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Two food items from Bullz-Eye’s Holiday Gift Guide

I was asked to write up a couple of cool products for Bullz-Eye.com’s Holiday Gift Guide, and I thought I should share them here with you. Both are already getting much use here in Mikey’s Kitchen!

NFL Crock-Pot® Slow Cookers

Chef JimWhen we saw an ad for these NFL logo slow cookers, our resident New York Giants fan had to have one. Crock-Pot slow cookers have traditionally been marketed to women, and they have always been a great kitchen staple across America. The concept is awesome—you put meat, vegetables, potatoes, and/or rice, canned tomatoes, broth and whatever else your recipe calls for, let it cook slow for 8-10 hours and you have dinner ready when you want. For Sunday football, these are great for chili, hearty soup, or for keeping hot dogs warm in a slow cooker full of water. And what better way to tailgate than to show off your team logo while you’re doing so? Another great feature of this particular slow cooker is that there are latches on both sides in order to clamp the lid on tight, and also a small hole in the cover to allow steam to escape. So the NFL themed Crock Pot is efficient AND looks great on Sundays.

The Essential James Beard Cookbook

Chef JimWe love to cook, but as hard as it can be sometimes, we try to stay on the healthy side. Of course, like most guys, we do like to make steaks, burgers and wings and some heavier soups, chilis and pastas. Indulgence is something reserved for holidays or for special Sundays. Such is the case with the new James Beard cookbook—a compilation from 12 of Beard’s books. We thumbed through it and noticed that almost every recipe calls for A LOT of butter. Beard was an American chef, but there is no doubt that some of his techniques are classic French. And on that note, the two recipes we tried were Gruyere soup and Beef Bourguignon Saute. Total amount of butter for both recipes—somewhere around two sticks. But the thing is, these recipes were fairly easy—time consuming, but easy. And the best part was that we learned so much, like taking a cooking class from a master. In particular, we learned how to make an amazing sauce for the beef dish. But wait, there’s more—literally. There are 450 recipes, including appetizers, pasta, soups, entrees, sides and desserts. In other words, we have 448 more to try.

You call this a diet?

For the last couple of months, I’ve been on Weight Watchers, trying desperately to lose a few pounds at the urging of my doctor, who wasn’t too pleased at how high my blood pressure was. I lost 12 pounds and my blood pressure was a near-perfect 124/80 when I had my follow-up visit. Weight Watchers indeed works, and it’s not as difficult as you might think. I’m still on it but have been slacking a little and I know I’m going to veer a little during the holidays, but I know I need to eat good most of the time. And most of the time, this diet is not too bad.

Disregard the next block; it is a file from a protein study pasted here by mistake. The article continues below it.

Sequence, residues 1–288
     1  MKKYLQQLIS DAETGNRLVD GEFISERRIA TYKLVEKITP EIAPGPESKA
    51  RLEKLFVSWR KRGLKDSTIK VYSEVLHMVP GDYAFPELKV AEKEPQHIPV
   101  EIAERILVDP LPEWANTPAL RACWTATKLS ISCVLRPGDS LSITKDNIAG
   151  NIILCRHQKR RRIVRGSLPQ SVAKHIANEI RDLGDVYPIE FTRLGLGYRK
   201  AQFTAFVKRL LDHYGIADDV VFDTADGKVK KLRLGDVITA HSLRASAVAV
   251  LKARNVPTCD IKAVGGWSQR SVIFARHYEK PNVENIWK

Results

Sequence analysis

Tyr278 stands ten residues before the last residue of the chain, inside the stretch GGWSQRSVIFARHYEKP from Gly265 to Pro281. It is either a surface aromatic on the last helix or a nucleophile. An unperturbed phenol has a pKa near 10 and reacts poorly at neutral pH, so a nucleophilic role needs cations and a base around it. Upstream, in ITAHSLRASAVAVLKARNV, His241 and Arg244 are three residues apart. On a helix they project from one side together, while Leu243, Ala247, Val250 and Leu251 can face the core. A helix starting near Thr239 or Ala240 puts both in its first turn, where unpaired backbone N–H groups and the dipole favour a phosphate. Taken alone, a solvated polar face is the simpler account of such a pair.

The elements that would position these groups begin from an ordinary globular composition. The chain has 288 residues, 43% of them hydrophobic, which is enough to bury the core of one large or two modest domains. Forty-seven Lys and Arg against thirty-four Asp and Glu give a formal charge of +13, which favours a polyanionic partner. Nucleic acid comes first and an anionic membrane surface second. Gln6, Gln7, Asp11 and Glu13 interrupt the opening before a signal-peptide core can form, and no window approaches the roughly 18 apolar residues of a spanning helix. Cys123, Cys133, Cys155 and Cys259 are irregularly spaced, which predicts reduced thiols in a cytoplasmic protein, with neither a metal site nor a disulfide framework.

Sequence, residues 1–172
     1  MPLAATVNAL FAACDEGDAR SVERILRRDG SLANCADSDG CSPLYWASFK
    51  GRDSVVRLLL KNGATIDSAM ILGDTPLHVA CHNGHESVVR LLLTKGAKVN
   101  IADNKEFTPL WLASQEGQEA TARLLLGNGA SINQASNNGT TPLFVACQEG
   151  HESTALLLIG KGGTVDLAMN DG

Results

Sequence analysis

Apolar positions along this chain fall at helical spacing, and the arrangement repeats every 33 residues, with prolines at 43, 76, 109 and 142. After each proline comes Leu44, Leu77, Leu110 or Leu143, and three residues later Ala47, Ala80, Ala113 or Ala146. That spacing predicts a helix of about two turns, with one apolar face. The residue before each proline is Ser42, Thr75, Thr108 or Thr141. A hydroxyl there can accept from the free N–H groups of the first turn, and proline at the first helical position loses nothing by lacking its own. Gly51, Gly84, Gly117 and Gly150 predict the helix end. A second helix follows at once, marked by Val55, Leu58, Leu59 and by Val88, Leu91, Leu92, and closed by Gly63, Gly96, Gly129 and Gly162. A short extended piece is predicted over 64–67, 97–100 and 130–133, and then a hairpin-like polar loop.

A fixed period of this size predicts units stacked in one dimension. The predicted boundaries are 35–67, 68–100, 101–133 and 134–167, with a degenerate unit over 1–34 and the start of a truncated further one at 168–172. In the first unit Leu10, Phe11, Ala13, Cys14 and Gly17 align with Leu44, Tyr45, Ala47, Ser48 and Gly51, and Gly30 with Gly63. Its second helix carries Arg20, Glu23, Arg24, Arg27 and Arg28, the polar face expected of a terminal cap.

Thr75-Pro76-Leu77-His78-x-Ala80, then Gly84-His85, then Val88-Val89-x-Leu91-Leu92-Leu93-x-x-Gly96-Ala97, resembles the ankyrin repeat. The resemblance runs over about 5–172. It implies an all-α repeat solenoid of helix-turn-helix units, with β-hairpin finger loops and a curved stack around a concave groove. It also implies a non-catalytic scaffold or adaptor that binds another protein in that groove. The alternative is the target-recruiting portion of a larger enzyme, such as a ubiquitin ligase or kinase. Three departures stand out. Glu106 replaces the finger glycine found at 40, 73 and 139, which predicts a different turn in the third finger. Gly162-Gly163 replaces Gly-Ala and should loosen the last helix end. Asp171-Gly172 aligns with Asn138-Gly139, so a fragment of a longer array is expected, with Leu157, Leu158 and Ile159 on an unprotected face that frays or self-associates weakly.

This photo is of an egg sandwich I made this week and is a typical breakfast on this diet for me–a whole grain English muffin, scrambled egg, 2% slice of American cheese, turkey sausage patty, and this particular time–a super thin slice of pan seared salami, adding only a half a WW point but enough of a slice to give it some real salami flavor. It was like a meat lover’s egg sandwich and only 8 points.

I’m not telling you this to preach. I’m telling you this because sometimes diets can seem daunting when they really don’t have to be. And I know many of you will contemplate dieting or eating better during or after the holiday season.

Cooking lessons

When I was growing up, I learned much of my basic cooking skills from my mom and brother. I also learned a lot on my own when I was diagnosed with high cholesterol at the age of 20, and began diving into healthy eating books and cookbooks–hence I had to learn how to make myself healthy lunches and such. I continued learning by reading and then by watching Food Network as that evolved. But I never took a formal cooking class until this past summer, when I enrolled in a 3-session course at Madison Area Technical College (MATC) on Thai cooking. I love Thai food, but it’s not easy to learn how to make real curry without having an instructor show you how it’s made from scratch, rather than by opening a jar of curry paste. I also learned how to make a real spring roll, and also pad thai, among other things.

I liked the course and instructor so much, that I took another course recently through MATC–same instructor, different location, and this time it was a 2-session course on making soup from scratch. I already knew how to do this, but the course taught me things I did not know, and it also was great to see how you make amazing chicken stock from scratch to start out. From there you can make, as we did, chicken noodle soup and wonton soup. The second session, we made chili and cream of mushroom soup. The latter is something I’ve never made, but it was phenomenal and I can’t wait to make it at home.